Of course, the use of images, natural, staged or manipulated, in advancing political motives is not new, and happens in every country. Photojournalist Michael Kamber, on his website Altered Images (alteredimagesbdc.org/), has been exposing edited and doctored photos, many of them iconic and moving. An innocuous example is a photo of President Obama, distracted, dejected and resigned at the beach. In the distance, oil derricks and tankers are seen. The photo is on the cover of The Economist, and the story is about a BP oil spill. It is soon revealed that two colleagues talking to the president had been digitally cropped out or removed – leaving Obama to radiate an air of isolation, burden of rule and exhaustion. A deputy editor later defended this manipulation, because she wanted to “focus on Obama.”
In January 2015, world leaders gathered in France to lead the rally against terrorism and honour the dead in the Charlie Hebdo massacre. There were some four million protestors and at the forefront, the news showed, were leaders from Asia, Europe and Africa. It was on its way to become an iconic image in world politics, when a wider shot revealed that the photograph was staged on an empty street, away from the actual rally and under tight security blanket. The impression of unity and courage in the face of attack was instantly shattered and the photo-op started garnering widespread ridicule.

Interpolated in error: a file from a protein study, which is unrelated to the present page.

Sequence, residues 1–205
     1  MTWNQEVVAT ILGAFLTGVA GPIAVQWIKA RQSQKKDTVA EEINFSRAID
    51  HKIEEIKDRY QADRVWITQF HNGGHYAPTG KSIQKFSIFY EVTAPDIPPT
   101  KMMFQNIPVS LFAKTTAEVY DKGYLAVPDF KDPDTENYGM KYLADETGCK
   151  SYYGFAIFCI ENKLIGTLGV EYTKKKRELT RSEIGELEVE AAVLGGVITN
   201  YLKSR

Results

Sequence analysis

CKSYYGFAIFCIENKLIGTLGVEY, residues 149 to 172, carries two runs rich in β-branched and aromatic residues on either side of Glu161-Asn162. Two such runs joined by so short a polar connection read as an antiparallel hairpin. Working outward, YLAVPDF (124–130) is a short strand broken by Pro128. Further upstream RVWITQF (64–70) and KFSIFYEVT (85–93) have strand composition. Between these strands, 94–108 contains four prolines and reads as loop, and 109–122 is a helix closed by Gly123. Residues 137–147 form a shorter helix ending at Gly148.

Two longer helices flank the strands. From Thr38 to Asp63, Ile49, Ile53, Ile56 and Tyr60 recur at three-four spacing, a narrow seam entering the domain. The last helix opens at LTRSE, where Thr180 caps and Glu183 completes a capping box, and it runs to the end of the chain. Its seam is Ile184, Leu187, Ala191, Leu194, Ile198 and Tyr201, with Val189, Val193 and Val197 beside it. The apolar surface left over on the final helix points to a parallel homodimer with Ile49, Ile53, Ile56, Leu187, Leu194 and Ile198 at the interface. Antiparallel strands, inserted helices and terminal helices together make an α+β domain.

A clear testament to the power of photography in modern, public discourse is a recent, unfortunate decision by the young billionaire prodigy Mark Zuckerberg and his media site, Facebook. Zuckerberg was accused of removing a photo posted by a Norwegian author. It was the Pullitzer winning 'Napalm girl' photo by Nick Ut, which shows children, including a naked, young girl, running away from Napalm bombs. The photo is a veritable testament to American atrocities during the Vietnam War.
Facebook, on the other hand, argued that it did not allow child nudity on its site and demanded that the photo be taken down, or the girl's genitals and breasts pixelated. This drew allegations of censoring criticism (of the USA) and misuse of power by the 'most powerful editor'. After a high-profile open letter addressed to Mark Zuckerberg, the photograph was restored to its place.
More and more striking photos are characterising and describing our world. At the same time, more and more quarters are vying for control over interpretations and meanings. You see, the power of photographic narratives is also their greatest weakness: they represent a partial perspective at a specific point in time. Photographic context and degree of essentialisation are treated as artistic or journalistic choice, and not a fundamental, discursive act. So, especially in the case of publicly circulated and/or shared photos, meaning is often interpreted or imposed by different narrators. This, and ease of digital manipulation, makes photographs a potent but vulnerable source of public discourse.
The writer is a strategy and communications consultant.